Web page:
Provided by: manpages-dev_2.17-1_all
nanosleep - pause execution for a specified time
#define _POSIX_C_SOURCE 199309 #include <time.h>
int nanosleep(const struct timespec *req, struct timespec *rem);
nanosleep() delays the execution of the program for at least the time
specified in *req. The function can return earlier if a signal has
been delivered to the process. In this case, it returns -1, sets errno
to EINTR, and writes the remaining time into the structure pointed to
by rem unless rem is NULL. The value of *rem can then be used to call
nanosleep() again and complete the specified pause.
The structure timespec is used to specify intervals of time with
nanosecond precision. It is specified in <time.h> and has the form
time_t tv_sec; /* seconds */
long tv_nsec; /* nanoseconds */
The value of the nanoseconds field must be in the range 0 to 999999999.
Compared to sleep(3) and usleep(3), nanosleep() has the advantage of
not affecting any signals, it is standardized by POSIX, it provides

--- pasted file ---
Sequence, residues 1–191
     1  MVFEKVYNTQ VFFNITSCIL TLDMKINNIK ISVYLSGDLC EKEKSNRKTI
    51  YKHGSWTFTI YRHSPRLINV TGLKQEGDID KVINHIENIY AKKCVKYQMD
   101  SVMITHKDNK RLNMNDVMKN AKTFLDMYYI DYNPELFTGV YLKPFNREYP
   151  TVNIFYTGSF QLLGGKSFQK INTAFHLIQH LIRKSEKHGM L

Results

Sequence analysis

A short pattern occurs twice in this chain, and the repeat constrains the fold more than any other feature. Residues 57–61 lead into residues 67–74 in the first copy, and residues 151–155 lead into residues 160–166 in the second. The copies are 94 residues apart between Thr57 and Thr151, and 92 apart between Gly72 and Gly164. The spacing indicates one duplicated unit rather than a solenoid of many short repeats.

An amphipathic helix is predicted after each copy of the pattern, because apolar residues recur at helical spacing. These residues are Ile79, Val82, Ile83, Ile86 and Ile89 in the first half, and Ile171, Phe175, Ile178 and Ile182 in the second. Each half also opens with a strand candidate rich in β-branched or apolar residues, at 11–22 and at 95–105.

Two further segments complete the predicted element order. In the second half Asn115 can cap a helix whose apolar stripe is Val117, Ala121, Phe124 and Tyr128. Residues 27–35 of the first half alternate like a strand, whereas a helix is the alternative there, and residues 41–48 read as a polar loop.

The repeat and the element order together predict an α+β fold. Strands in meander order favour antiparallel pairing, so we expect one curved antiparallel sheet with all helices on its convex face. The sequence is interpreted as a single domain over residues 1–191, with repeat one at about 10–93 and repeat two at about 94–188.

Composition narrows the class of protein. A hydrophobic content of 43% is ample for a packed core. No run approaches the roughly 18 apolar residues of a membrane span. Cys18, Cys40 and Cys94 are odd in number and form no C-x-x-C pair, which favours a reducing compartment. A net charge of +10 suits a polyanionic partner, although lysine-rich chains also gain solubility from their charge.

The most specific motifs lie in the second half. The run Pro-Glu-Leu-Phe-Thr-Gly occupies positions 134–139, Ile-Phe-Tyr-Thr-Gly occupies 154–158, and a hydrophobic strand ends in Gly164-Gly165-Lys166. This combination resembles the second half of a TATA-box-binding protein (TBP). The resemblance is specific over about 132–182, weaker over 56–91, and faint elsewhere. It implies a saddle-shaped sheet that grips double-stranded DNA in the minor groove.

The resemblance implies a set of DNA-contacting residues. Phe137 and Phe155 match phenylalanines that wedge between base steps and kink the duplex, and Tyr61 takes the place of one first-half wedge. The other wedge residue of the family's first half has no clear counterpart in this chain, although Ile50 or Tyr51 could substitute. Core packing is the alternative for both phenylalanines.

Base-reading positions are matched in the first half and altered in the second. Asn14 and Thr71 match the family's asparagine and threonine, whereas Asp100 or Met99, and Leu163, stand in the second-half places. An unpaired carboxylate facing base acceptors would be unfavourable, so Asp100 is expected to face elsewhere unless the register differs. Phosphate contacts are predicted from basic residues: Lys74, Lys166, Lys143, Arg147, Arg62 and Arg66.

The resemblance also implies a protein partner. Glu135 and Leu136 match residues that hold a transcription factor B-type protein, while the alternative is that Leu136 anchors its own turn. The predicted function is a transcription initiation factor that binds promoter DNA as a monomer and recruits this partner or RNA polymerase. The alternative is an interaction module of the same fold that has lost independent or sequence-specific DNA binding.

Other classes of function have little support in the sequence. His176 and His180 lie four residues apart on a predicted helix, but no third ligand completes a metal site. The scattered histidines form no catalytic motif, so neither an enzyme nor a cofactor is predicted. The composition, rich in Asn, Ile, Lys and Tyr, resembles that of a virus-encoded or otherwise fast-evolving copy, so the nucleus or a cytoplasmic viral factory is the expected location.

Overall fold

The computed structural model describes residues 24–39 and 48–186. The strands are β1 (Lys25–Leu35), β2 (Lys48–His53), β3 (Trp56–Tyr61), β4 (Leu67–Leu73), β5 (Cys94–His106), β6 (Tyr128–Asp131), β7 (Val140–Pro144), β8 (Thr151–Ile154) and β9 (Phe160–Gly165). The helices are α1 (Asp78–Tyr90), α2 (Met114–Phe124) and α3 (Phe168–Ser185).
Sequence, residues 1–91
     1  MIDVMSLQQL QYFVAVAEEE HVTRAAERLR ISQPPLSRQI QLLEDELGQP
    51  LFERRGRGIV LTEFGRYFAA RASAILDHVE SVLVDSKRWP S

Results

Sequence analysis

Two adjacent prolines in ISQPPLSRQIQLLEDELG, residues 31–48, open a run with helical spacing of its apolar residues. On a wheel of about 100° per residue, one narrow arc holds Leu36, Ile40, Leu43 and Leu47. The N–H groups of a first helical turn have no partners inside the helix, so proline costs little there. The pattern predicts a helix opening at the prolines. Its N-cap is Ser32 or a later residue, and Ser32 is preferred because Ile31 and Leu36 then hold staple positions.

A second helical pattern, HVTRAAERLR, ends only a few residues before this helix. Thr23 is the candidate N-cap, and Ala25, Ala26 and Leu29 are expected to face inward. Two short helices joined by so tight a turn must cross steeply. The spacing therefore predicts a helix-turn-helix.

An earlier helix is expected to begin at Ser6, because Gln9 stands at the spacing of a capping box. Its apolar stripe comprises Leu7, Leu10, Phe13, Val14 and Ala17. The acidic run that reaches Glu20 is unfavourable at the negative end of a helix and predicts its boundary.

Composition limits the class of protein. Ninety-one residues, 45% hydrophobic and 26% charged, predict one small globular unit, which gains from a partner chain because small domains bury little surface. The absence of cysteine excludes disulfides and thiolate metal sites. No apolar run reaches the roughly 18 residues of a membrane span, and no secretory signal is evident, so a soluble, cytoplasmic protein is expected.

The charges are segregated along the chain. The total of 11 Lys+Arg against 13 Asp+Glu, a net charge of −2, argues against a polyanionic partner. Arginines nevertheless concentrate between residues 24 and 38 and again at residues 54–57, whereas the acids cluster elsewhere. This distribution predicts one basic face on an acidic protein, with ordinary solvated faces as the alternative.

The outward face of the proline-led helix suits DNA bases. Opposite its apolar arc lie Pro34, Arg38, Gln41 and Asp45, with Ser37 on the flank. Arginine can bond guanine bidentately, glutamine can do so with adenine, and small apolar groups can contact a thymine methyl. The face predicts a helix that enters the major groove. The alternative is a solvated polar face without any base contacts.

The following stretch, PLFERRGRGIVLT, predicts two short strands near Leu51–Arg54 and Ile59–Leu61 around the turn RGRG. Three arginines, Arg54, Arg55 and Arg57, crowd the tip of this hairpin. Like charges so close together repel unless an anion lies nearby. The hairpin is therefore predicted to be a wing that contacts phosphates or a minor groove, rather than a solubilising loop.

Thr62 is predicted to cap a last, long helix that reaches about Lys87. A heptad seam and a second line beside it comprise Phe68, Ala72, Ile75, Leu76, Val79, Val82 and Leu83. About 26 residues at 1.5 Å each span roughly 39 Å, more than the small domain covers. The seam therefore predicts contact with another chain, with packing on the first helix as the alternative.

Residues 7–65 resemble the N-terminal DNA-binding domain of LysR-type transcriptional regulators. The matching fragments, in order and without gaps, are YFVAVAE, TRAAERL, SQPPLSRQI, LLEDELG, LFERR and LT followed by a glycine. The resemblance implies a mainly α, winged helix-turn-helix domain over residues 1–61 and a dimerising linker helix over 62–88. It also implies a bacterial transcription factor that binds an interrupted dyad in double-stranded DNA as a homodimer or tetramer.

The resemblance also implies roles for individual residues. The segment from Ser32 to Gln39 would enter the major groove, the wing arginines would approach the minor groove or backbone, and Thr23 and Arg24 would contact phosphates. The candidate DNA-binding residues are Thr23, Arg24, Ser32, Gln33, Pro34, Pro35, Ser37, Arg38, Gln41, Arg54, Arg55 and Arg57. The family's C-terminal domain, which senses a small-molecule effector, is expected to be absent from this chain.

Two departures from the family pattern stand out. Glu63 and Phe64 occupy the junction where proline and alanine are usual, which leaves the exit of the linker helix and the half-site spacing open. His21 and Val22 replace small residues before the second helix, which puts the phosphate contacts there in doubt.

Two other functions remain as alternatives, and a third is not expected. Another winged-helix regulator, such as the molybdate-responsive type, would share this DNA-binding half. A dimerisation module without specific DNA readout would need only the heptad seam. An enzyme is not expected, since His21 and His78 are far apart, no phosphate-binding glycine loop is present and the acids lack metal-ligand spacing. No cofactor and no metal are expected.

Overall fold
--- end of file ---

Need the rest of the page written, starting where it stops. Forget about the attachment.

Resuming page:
higher timing resolution, and it allows to continue a sleep that has
been interrupted by a signal more easily.
In case of an error or exception, the nanosleep() system call returns
-1 instead of 0 and sets errno to one of the following values:
EFAULT Problem with copying information from user space.
EINTR The pause has been interrupted by a non-blocked signal that was
delivered to the process. The remaining sleep time has been
written into *rem so that the process can easily call
nanosleep() again and continue with the pause.
EINVAL The value in the tv_nsec field was not in the range 0 to
999999999 or tv_sec was negative.
The current implementation of nanosleep() is based on the normal kernel
timer mechanism, which has a resolution of 1/HZ s (i.e, 10 ms on
Linux/i386 and 1 ms on Linux/Alpha). Therefore, nanosleep() pauses
always for at least the specified time, however it can take up to 10 ms
longer than specified until the process becomes runnable again. For the
same reason, the value returned in case of a delivered signal in *rem
is usually rounded to the next larger multiple of 1/HZ s.
In order to support applications requiring much more precise pauses
(e.g., in order to control some time-critical hardware), nanosleep()
would handle pauses of up to 2 ms by busy waiting with microsecond
precision when called from a process scheduled under a real-time policy
like SCHED_FIFO or SCHED_RR. This special extension was removed in
kernel 2.5.39, hence is still present in current 2.4 kernels, but not
in 2.6 kernels.
POSIX.1b (formerly POSIX.4).
sched_setscheduler(2), timer_create(2), sleep(3), usleep(3)